My introduction to Wong Kar Wai came in the form of his english language debut My Blueberry Nights. While a lot of fans of him view that film as somewhat of a failure, I personally consider it to be an amazing film. Besides the breathtaking visuals and remarkable soundtrack, Wong Kar Wai is able to represent love and all of its flaws and powers in a very specific and fresh manner. Since then I’ve watched his other films and while the only other I truly love is In The Mood For Love, I can’t deny that each film yields an interesting and at times cathartic experience. So is The Grandmaster another masterpiece? Or merely a good film?
The Grandmaster traces the lives of martial arts master Ip Man (Tony Leung). How he rose to fame, then to obscurity during the war and back again. It also explores his friendship with the daughter, Gong Er (Ziyi Zhang), of one of the great master who herself is on a path of vengeance against those who would destroy her family’s legacy.
Prior to watching this film I made the mistake of actually formulating certain expectations for the film. As a result of the fighting sequences shown in the trailers, I thought the film would have a lot of action sequences. But just like Wong Kar Wai proved that he could re-conceptualize science-fiction with 2046, he does the same with the action genre in The Grandmaster. This is not to say that there aren’t too many action scenes, but just that the action film formula is morphed into something different. Usually with action film, the end has a climatic showdown between rivals but that’s not the case here. All the action happens within the first half and after that there is none. Now how you take that depends entirely on your sensibilities and familiarity to Wong Kar Wai’s work. I liked it, but first lets take action.
The famous rain action sequences seen in the trailers delivers, but oddly enough it is not the best action sequence. There’s another rain fighting duel that’s also quite good and as a parallel to the first I mentioned, becomes even cooler. And the train station fight is also pretty awesome. But the best one happens between Ip Man and Gong Er indoors. Because that fights has some specific rules, there is an added intensity and creativity at play. Plus it marks the genesis of the strong bond between the film’s two protagonists. The fighting choreography is outstanding from start to finish, and Wong Kar Wai’s treatment of action fluctuates to be honest. In some parts his unique style renders the fights incredibly beautiful and poetic, but other times it feels somewhat intrusive. Sometimes he just doesn’t let the fight breathe and it makes them feel a bit disjointed, especially when it is ten men against one. But when it is one on one they work brilliantly.
Now the biggest surprise for me came at the halfway mark where the film takes a considerable shift. The action is replaced with straight up drama and character dialogue. If the first half was about martial-arts masters proving their greatness and building their legacy, the second half is about how their devotion to honour and technique gradually damages their personal lives. This is also the moment where the war occurs and all of the characters way of life is put into disarray. But more significantly, the film opts to finally explore in depth the relationship between it’s two protagonists. In a way, The Grandmaster turns into In The Mood For Love in its last half and I for one think that was a perfect move to make. This is the moment where Tony Leung and Ziyi Zhang’s performances truly shine as they recreate but to greater effect the intense chemistry they had in 2046. There is a strong bond between their characters, an unspoken love and admiration that can never be acted on, only subtlety expressed. It is quite affecting and heart-breaking.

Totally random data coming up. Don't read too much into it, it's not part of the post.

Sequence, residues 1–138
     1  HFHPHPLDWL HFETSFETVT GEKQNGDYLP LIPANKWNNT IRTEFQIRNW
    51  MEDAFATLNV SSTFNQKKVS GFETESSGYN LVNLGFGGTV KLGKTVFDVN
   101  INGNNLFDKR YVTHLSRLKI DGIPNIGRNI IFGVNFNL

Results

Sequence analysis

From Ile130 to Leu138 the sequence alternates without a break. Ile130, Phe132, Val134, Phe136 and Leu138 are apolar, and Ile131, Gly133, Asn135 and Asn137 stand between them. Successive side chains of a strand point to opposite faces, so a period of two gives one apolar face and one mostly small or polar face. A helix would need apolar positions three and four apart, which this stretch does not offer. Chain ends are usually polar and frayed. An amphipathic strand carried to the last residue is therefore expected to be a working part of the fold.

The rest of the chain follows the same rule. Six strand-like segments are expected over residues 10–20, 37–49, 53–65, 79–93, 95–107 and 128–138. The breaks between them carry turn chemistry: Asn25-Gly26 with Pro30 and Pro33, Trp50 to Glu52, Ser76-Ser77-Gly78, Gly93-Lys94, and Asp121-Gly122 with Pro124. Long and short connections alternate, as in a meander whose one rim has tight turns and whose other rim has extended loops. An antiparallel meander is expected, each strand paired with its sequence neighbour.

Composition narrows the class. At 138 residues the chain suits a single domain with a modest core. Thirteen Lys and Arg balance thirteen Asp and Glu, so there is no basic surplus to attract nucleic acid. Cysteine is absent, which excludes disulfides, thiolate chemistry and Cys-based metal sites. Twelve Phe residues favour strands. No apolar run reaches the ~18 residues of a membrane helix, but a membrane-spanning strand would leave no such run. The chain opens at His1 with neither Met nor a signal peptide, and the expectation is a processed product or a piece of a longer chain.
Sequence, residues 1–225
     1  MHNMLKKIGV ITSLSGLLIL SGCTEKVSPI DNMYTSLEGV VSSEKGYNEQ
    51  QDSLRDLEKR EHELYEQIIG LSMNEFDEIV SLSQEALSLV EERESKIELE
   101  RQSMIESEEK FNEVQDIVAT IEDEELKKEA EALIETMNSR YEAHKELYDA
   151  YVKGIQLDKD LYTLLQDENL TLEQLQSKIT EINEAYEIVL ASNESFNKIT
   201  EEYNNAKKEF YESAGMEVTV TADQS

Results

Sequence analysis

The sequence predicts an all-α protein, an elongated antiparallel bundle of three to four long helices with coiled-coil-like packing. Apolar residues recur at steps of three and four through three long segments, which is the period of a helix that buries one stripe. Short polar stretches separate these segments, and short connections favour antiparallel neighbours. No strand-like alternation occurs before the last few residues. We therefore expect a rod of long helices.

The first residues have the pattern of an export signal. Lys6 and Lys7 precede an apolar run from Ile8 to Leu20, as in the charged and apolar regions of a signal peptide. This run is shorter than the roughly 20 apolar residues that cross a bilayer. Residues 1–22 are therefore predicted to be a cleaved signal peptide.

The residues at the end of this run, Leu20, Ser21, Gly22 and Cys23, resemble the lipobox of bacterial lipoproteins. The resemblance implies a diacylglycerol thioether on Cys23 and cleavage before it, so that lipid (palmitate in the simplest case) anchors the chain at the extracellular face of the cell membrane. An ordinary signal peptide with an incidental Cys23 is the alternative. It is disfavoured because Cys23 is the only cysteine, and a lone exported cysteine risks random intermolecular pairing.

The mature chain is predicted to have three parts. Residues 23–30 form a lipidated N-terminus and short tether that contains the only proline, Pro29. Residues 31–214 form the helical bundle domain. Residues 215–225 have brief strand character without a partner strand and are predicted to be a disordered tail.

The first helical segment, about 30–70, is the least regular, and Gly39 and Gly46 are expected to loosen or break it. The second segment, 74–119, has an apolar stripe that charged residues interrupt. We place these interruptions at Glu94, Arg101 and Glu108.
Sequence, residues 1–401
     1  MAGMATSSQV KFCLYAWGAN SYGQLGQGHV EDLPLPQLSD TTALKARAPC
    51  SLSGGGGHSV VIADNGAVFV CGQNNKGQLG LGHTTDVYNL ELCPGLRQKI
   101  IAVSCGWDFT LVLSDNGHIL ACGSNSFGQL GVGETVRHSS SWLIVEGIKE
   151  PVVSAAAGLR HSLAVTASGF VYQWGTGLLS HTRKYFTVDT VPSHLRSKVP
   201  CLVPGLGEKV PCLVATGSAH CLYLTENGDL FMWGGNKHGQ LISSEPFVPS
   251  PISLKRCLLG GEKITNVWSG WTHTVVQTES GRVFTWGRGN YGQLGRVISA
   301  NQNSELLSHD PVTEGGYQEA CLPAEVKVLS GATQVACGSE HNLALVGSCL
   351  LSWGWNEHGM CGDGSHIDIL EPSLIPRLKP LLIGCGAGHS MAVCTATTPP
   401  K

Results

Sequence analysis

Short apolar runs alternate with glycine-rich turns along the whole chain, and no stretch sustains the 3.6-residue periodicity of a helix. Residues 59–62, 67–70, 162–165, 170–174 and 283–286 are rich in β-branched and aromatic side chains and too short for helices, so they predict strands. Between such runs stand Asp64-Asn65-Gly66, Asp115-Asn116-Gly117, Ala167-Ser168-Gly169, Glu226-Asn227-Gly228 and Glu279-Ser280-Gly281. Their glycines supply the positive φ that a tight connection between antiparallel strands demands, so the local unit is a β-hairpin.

During the last half I also got the feeling that this was the aspect of this story Wong Kar Wai was really interested in. The previous stuff with the action felt like a director trying to emulate an idea, but with this last part when love is the focus the film finally takes flight. As any fan of his knows, love is his strong suite and I’m still surprised that he is able to show us new aspects of it. You’d think he had said all that could be said about love, but you’d be wrong. A downside to this shift is that it also makes The Grandmaster feel like two films in one. Yes, they both work but it adds a lack of focus that you usually don’t see in Wong Kar Wai. Furthermore, the introduction to a third “protagonist” feels incredibly misguided and forced. That, I believe, is the film’s greatness flaw. Chen Chang’s presence isn’t explained and after the film spends 20-30 minutes on him, it totally drops him never to be seen again. What was the point of that? Besides some cool action, that character added nothing to the film.
Wong Kar Wai’s The Grandmaster was not the film I expected. All of the action scenes are amazing to watch and while they lack the sense of danger, they still manage to be awe-inspiring. Wong Kar Wai tries to infuse them with something new and different, and like many experiments sometimes it works and sometimes it doesn’t. Nevertheless, the sheer majestic beautify of the visuals is enough to turn them into one of the coolest action scenes in years. The film’s strength lies in the performances and more specifically in the relationship between Tony Leung and Ziyi Zhang’s characters. They are the heart of the film and even though separate they are able to effortlessly carry their respective plot-lines, when they converge is when The Grandmaster reaches it’s precipice. It is the immensely affecting relationship between this two character that will make you forget about the film missteps and flaws. At least the music is consistently perfect throughout the film.